2013: Strengthening Voices for Democracy
The year 2013 emphasised the theme “Strengthening Voices for Democracy”, aiming to inspire individuals to take action in their communities.
2014: Engaging Youth on Democracy
In 2014, the theme was “Engaging youth on democracy”, acknowledging the vital role of the youth in shaping the present and the future of democratic societies.
2015: Space for Civil Society
In 2015, the theme was “Space for Civil Society”, underscoring the importance of promoting an environment where civil society can thrive.
2016: Democracy and the 2030 Agenda for Sustainable Development
In 2016, the theme was “Democracy and the 2030 agenda for sustainable development”, highlighting the interconnections between sustainable development and democracy.
2017: Democracy and Conflict Prevention
In 2017, the theme was “Democracy and Conflict Prevention”, focusing on the role of democracy in preventing conflicts and maintaining peace.
2018: Democracy under Strain: Solutions for a Changing World
In 2018, the theme was “Democracy under Strain: Solutions for a Changing World”, aligning with the 70th anniversary of the Universal Declaration of Human Rights.
In 2019, the theme for democracy day was “participation”, underscoring the importance of active participation in democratic processes.
2020: COVID-19: A Spotlight on Democracy
The theme for International Day of Democracy 2020 was “COVID-19: A Spotlight on Democracy”, reflecting the challenges posed by the global pandemic to democratic institutions and processes.
2021: Strengthening Democratic Resilience in the Face of Future Crises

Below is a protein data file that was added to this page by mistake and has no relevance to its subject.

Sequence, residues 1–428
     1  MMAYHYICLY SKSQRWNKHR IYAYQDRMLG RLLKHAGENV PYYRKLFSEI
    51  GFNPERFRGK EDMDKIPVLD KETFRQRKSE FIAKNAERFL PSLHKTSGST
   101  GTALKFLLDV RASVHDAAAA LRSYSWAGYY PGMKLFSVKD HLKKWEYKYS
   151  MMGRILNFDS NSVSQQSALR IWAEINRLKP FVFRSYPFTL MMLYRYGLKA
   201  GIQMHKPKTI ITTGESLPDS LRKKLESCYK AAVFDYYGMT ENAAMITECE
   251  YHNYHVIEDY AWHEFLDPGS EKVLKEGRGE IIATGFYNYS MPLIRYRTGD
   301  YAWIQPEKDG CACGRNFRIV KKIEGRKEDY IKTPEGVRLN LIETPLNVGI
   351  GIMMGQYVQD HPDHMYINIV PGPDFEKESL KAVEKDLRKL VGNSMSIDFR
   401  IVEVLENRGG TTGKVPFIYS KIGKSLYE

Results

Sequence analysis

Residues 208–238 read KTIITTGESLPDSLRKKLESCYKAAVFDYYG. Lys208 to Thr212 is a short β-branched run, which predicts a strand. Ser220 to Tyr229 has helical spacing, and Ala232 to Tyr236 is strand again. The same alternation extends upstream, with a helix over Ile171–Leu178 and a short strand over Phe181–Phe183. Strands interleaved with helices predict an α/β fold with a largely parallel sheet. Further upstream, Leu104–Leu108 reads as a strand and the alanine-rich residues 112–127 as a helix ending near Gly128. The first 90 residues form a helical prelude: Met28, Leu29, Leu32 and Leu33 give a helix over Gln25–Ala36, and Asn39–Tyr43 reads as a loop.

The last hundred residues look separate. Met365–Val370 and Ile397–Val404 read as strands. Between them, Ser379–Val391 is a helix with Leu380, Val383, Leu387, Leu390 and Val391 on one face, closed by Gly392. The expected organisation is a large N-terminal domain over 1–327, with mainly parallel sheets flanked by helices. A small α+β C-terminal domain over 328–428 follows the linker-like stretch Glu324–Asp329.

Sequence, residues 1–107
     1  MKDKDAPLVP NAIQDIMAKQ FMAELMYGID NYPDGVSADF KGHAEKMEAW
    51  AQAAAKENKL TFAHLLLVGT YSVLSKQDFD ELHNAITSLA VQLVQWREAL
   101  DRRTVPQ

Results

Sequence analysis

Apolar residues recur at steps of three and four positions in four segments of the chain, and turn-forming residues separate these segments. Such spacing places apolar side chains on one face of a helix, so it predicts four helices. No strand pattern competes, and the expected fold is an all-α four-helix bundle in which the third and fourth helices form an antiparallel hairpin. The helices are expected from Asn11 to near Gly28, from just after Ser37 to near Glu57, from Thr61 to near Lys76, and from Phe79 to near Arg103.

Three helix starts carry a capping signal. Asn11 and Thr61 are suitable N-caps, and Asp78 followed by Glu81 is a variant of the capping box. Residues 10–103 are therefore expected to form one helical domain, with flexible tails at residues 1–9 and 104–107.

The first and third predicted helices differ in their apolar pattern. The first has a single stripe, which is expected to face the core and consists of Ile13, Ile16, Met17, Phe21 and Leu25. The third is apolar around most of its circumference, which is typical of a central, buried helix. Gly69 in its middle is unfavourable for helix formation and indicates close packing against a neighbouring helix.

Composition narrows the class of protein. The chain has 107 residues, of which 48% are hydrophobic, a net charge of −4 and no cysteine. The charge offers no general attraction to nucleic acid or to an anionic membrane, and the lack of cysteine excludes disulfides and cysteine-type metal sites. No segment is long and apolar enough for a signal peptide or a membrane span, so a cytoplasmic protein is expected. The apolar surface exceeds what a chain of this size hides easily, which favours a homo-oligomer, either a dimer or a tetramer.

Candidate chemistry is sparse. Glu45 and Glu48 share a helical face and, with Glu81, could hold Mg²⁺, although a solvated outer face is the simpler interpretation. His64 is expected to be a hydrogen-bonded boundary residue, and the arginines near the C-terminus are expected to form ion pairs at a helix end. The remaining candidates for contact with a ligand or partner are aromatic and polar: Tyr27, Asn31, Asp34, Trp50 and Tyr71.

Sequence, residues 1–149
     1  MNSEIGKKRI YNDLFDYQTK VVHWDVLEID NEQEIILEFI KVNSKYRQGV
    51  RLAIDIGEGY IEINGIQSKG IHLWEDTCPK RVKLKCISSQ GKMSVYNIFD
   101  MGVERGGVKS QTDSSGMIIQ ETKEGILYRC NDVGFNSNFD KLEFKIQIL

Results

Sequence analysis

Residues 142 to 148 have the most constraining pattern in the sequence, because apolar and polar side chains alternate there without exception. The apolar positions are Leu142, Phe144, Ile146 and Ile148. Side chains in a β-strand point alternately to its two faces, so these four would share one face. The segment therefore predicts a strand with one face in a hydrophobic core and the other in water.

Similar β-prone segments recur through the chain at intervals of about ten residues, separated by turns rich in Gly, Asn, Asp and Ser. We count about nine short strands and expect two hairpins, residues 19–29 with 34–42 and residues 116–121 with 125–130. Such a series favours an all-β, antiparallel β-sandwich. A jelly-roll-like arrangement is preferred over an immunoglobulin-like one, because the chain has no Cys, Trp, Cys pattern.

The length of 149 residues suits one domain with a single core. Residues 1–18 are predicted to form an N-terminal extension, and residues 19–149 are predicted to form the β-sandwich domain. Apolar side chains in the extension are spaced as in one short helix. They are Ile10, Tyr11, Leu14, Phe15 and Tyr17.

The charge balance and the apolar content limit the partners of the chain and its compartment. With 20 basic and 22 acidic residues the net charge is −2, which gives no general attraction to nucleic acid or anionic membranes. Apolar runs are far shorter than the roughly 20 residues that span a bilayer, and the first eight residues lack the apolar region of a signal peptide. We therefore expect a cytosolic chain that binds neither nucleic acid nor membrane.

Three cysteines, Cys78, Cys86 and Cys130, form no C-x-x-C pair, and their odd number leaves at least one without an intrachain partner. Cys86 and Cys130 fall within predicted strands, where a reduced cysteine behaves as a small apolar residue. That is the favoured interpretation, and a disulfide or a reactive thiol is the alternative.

In 2021, the theme was “Strengthening democratic resilience in the face of future crises”, focusing on the need for democracies to prepare for and withstand future crises.
2022: Protecting Press Freedom for Democracy
The theme for International Day of Democracy 2022 is “Protecting Press Freedom for Democracy”, emphasising the crucial role of a free press in a democratic society.
The Importance of Celebrating the International Day of Democracy
The International Day of Democracy is a significant observance that encourages individuals and organisations worldwide to work together for democracy. It is a day for raising awareness of democracy through various events, including conferences, discussions and debates, press conferences, and publicity campaigns.
The United Nations Headquarters will mark the International Day of Democracy on September 15th, 2022. As part of the Sustainable Development Goals Roundtable series, the UN Office for Partnerships and the UN Democracy Fund will hold a discussion in the SDG studio to commemorate the Day. The discussion will demonstrate why maintaining media freedom is essential to a strong democracy. Additionally, it will put up and talk about ideas to achieving SDG 16: Peace, Justice, and Strong Institutions.
As we look forward to the International Day of Democracy in 2023, it is a timely reminder for all of us to reflect upon the state of democracy in our societies. It is a call for us to engage in constructive dialogue, ensure the freedom of the press, and strive for the full participation of all individuals in the democratic process. The road to democracy may be long and fraught with challenges, but with collective effort and commitment, the ideal of democracy can be made into a reality to be enjoyed by everyone, everywhere.
Photo by a Joao Marcelo Martins on Unsplash